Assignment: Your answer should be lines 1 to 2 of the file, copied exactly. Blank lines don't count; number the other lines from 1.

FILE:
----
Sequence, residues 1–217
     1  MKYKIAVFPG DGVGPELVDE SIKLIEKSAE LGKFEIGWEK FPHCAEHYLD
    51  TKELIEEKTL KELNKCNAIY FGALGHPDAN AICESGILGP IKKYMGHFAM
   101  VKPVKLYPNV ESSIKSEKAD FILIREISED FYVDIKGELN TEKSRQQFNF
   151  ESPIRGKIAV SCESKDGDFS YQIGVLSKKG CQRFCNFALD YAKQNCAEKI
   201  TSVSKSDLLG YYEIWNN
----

Sequence, residues 1–217
     1  MKYKIAVFPG DGVGPELVDE SIKLIEKSAE LGKFEIGWEK FPHCAEHYLD